Lately, the UCSB baseball team has exhibited more personalities than Norman Bates.
For instance, there’s the pitching staff that at times has displayed all the rhythm and grace of an epileptic marlin. The Gaucho pitching has compiled a bloated 6.11 ERA, second worst in the Big West. The staff surrendered a ghastly 31 runs in three games to Cal State Northridge two weekends ago.
However, last weekend, the pitching staff looked phenomenal, holding UC Irvine to just 10 earned runs in three games.
Then there’s the defense that has been as impenetrable as it has been porous, like the time when it committed just one error over a three-game series only to blunder six times in the following game.
And, of course, there’s the offense. After a Stevie Wonderesque three-hit performance against Irvine, Gaucho hitting bashed 17 runs on 17 hits the next day to poach the Anteaters, leaving baffled fans wondering, “Which team are the real Gauchos?”
This strange duality has plagued UCSB all year long. The team has been feckless yet explosive, overpowering and underachieving; the only sure thing about Santa Barbara this year is that it is consistently inconsistent.
So who are the Gauchos?
Ask senior pitcher James Garcia, who has just two wins this year after a team-record 10 last year, and he’ll shrug and give you a look of bewilderment.
“Guys just haven’t been themselves this year,” Garcia said. “It’s inexplicable – I have no idea why we’re struggling.”
Ask sophomore pitcher Matt Vasquez and he’ll tell you about a team that is easily discouraged by its own mistakes.
“We’ll shoot ourselves in the foot and then give up,” Vasquez said. “It’s like, ‘Oh no, here we go again.’ Everyone gets down and the team unravels. We lose against ourselves instead of the other team.”
Garcia agrees that the greatest obstacle the team has to overcome is a lack of confidence because he knows something about a lack of confidence himself.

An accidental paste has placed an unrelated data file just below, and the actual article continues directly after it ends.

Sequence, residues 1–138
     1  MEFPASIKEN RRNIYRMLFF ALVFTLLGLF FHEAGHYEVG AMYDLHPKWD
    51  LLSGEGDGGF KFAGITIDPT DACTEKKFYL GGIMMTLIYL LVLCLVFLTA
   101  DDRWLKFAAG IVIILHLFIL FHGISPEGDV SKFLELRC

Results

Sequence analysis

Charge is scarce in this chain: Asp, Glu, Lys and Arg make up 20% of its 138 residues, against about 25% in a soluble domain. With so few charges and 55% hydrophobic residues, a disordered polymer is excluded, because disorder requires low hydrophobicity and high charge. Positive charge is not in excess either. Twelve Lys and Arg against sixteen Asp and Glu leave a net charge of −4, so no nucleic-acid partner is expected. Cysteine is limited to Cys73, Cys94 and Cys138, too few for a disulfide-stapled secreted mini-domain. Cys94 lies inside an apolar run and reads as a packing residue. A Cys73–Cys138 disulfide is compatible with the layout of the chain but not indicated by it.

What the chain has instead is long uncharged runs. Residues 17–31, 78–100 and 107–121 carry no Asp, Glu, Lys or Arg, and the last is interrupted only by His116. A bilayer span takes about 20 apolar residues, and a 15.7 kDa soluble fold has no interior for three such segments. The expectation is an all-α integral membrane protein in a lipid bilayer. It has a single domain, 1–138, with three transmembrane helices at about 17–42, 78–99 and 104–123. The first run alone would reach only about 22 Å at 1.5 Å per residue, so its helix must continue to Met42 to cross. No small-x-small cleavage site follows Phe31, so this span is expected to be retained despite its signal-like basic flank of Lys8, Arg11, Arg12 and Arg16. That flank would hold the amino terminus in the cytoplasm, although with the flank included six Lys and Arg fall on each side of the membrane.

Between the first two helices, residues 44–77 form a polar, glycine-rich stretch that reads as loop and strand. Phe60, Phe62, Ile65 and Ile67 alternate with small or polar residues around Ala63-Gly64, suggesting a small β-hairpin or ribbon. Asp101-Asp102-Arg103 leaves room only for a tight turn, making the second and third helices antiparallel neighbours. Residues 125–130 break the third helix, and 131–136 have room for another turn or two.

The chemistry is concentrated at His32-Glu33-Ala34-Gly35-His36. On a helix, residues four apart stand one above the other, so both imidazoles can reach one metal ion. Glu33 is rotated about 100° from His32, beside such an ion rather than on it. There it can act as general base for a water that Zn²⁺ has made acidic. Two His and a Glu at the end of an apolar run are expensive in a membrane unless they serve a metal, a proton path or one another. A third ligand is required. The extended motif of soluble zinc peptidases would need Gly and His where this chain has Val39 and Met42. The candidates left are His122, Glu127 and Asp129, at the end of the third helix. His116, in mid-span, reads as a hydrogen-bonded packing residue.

“I don’t think some of the guys are confident,” Garcia said. “It seems like the breaks go the other team’s way. It seems to snowball the other way.”
“I started off this year not throwing well and then I got hurt,” Garcia said. “I’ve always been a durable player so it bothers me more than anyone can understand. I felt helpless – it was really frustrating.”
Injuries have aggravated UCSB. Ask UCSB Head Coach Bob Brontsema, and he’ll tell you that his worn-out bullpen and his team’s missing aplomb have been detrimental to the team.
“We lost a lot of close games,” Brontsema said. “We’ve given up a lot of big innings. We have to start believing; our confidence has been shaken.”
Now, more than ever, the Gauchos have to find that swagger. Entering the weekend 2-4 in conference play, UCSB faces its toughest opponent yet in Long Beach State. The No. 14 49ers boast the Big West’s only undefeated record.
“They’re a typical Long Beach State team,” Garcia said. “Good pitching, good defense and a scrappy offense. I think we’re just as good on the mound and better offensively. We’re at a huge point in the season, but I like our odds. It’s a real test.”
This weekend and next weekend against Cal State Fullerton will prove crucial in determining the final placement in the Big West standings. If UCSB can win both conference series, they will have survived the toughest part of their schedule on the upswing.
“Last weekend, we were one play from winning all three games,” Garcia said. “We’re not playing our opponent, we’re playing ourselves. If we start off with the top four teams and go 6-6, we have a chance of being one of the top three teams and getting a regional bid. We just need to get gelled together – I think we can do that.”
When you’re two-faced, you’re your own worst enemy and your own best friend.
The Gauchos know that if they can unite as a team, the possibility of a postseason won’t be mind-boggling.